Published on

Q&A with Andy Polaine

Service and Experience Design consultant from Switzerland

My name is Andy Polaine and I'm a Service and Experience Design consultant, educator and writer (I co-authored Service Design). I work with my own clients, but most of my time is currently spent researching and teaching Service Design at the Hochschule Luzern in Switzerland on the MA Design and BA Design Management International there. As of September I will be working at Fjord across Europe and moving to Sydney in January to be a Service Design Director at Fjord in Australia and also running the APAC part of their Service Design Academy.

How did you get started in interaction design? What is a turning point in your professional career?

When I started back in the very early 90s it didn't exist. I went to university to study film and planned to try and become a film director. But I got introduced to Macs (I wrote my first essay on a Mac Classic!) and some of the early tools. I started working with Photoshop 2.0 on Mac LC IIs. We saved everything on floppy discs, so we could only work in black and white because colour files were too large. One day, our very influential lecturer, Andy Cameron, brought in a copy of Macromind Director, just after it had changed names from Mediaworks. That was a turning point for us, because it meant a bunch of non-programmers like us could make interactive works. We spent the rest of the time experimenting and discovering the medium. Some of this resulted in the Antirom CD-ROM. The discovery is still ongoing.

What is your ideal workplace?

One that doesn’t feel like a workplace. I don't mean that it has to have a swing and a chalet area, but I don't think workspaces should equate to boring spaces. I never understand why corporate environments are so dull. It's not like it's a special deal for designers to have "creative spaces." Nobody would decorate their own homes in the same manner as those grey corporate spaces, so why work in it? You spend more time there than at home. For me the most important thing is flexible and zoned spaces. You need somewhere comfortable to retreat to, but you also need big collaborative spaces with lots of wall space to throw stuff up onto. You need spaces where you can sit/stand and type. And you need a good communal eating space and kitchen. That often gets forgotten.

What interaction design tools / software do you use for your work?

I can't believe I'm saying this, but most of my work is strategic input these days, so I don't get to do much visual design and I was never a great visual designer. I write a lot and when I can, I write in Markdown, mostly in Byword, and export it where and how I need with Marked. I use Keynote a lot, not just for presentations, but also for mocking up interactive prototypes and sometimes for diagrams. I have the whole Adobe suite on my machine, but I try to avoid opening it as much as possible. It's so slow and bloated. My favourite Adobe app after Lightroom is InDesign – it's useful for diagramming and wireframing too, but I use Keynote for a lot of that now too. I used to use Omnigraffle a lot, but have less need now. I prefer smaller apps like Pixelmator for image editing over Photoshop. Pixelmator reminds me of Photoshop before it got so heavy.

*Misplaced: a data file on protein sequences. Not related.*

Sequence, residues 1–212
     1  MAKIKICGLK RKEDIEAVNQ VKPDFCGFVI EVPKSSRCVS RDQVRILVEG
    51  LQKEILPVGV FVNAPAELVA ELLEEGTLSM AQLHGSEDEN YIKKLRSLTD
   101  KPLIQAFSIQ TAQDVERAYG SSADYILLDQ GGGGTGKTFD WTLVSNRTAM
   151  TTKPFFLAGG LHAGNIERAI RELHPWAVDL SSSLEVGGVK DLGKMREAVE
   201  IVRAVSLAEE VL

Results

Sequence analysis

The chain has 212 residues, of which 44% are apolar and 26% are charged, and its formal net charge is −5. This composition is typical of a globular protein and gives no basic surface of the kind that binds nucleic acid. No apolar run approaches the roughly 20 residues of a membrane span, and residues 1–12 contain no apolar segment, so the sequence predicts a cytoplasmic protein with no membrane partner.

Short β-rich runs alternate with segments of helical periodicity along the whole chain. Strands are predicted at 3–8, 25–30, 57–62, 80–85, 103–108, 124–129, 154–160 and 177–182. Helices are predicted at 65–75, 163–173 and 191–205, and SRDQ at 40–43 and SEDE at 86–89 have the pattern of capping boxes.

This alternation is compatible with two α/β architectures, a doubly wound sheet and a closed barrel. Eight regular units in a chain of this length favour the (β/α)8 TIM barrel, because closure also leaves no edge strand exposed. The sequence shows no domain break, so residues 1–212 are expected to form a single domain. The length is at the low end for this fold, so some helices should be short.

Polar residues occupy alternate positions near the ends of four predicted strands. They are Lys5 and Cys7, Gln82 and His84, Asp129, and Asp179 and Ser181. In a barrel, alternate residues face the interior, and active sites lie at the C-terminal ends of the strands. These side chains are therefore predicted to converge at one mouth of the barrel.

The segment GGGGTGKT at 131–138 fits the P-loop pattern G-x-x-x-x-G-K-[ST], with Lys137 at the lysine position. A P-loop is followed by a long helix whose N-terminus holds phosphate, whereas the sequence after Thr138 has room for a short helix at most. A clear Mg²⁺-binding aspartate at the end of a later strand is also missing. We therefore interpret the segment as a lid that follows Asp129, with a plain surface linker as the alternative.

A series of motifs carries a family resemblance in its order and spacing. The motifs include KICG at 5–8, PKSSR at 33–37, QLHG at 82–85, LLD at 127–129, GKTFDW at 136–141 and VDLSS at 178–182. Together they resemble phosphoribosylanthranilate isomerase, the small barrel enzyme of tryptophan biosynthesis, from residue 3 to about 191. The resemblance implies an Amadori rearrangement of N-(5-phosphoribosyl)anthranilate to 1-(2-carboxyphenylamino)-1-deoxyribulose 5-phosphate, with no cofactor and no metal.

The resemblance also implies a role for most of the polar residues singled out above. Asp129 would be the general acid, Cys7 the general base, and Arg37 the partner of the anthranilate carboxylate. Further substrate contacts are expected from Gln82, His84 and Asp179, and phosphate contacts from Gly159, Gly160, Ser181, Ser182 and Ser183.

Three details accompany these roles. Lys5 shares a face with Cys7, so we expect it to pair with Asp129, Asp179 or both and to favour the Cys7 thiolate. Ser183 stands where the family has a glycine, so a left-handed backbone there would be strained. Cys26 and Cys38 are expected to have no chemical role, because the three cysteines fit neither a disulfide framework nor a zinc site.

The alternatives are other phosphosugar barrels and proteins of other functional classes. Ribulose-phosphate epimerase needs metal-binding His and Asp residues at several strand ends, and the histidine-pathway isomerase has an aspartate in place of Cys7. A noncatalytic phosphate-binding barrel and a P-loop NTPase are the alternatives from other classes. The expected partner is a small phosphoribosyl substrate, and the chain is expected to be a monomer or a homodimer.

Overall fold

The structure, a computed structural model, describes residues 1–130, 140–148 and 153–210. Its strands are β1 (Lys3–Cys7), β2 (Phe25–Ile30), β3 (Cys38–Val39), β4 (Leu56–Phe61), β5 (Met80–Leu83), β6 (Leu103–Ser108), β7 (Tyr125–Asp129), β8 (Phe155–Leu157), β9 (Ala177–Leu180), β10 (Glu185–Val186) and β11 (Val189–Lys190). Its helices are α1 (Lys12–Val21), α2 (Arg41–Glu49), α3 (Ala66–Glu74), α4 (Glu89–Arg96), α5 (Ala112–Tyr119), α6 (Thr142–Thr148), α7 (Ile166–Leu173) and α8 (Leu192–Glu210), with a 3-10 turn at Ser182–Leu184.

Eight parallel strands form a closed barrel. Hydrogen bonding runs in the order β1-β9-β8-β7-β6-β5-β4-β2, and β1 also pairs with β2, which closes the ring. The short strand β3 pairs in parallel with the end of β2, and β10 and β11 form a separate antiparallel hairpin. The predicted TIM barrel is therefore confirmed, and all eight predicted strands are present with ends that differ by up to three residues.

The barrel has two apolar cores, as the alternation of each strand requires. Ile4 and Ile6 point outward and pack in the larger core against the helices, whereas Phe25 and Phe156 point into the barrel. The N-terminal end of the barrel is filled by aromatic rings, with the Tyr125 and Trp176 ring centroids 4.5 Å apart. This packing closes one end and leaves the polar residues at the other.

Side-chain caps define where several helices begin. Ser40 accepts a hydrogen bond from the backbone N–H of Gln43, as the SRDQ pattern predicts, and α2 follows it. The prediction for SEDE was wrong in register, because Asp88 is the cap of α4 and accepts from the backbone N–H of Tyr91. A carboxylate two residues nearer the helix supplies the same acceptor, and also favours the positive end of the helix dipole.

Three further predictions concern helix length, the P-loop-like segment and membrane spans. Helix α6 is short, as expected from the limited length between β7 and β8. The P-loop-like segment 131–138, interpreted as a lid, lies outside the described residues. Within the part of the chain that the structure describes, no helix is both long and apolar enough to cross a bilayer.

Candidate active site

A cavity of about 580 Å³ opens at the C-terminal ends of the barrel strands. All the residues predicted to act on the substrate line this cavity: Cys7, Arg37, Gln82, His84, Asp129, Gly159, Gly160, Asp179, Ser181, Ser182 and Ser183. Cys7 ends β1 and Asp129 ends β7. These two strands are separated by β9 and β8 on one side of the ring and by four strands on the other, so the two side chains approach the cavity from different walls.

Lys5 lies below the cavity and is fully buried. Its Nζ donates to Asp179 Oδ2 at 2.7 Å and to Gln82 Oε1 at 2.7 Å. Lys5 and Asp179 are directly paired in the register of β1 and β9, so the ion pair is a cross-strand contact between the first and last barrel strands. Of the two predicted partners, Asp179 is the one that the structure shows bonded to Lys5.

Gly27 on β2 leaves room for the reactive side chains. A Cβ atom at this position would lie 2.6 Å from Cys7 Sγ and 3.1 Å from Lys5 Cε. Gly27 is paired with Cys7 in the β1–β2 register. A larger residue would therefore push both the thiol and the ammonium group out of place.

And what hardware?

I'm currently on a 2012 Macbook Pro. I'll probably switch to something else in January, I'm not sure whether I'll go for a Macbook Pro or Air. I also have an iPad Mini and iPhone 6. My old 1st Gen iPad is now my daughter's entertainment device when we travel a long way.

Who are the interaction designers you admire most and why?

That's a can of worms for me. I've been around so long in this space that I'm bound to offend someone if I don't mention them, so I'll go for two people who are, sadly, no longer with us. My lecturer, friend and colleague Andy Cameron was enormously influential in this area. He had a great radar for the technological developments, but much more importantly he had brilliant insights into what it all means culturally – something that is all too frequently overlooked. He was instrumental in getting the group of us who formed Antirom and may other of his students to think deeply about interactive media and always encouraged us to play and experiment. He did this multiple times with other groups of young creatives, also at Fabrica and beyond. We have all gone on to teach and influence others ourselves, but you can trace a very large chunk of the industry back to him. The other person is Hillman Curtis. I didn't know him well, but chatted with and interviewed him a few times. I really admired his quiet, unassuming manner coupled with great insight too. He and Andy both shared that quality, mentoring others but not pushing themselves into the foreground as great gurus. He also influenced a lot of young designers, especially in the Flash scene that directly followed the kind of work we were doing at Antirom and as the web kicked into gear. Both of them died far too young. I still catch myself thinking I'd like to ask Andy about something.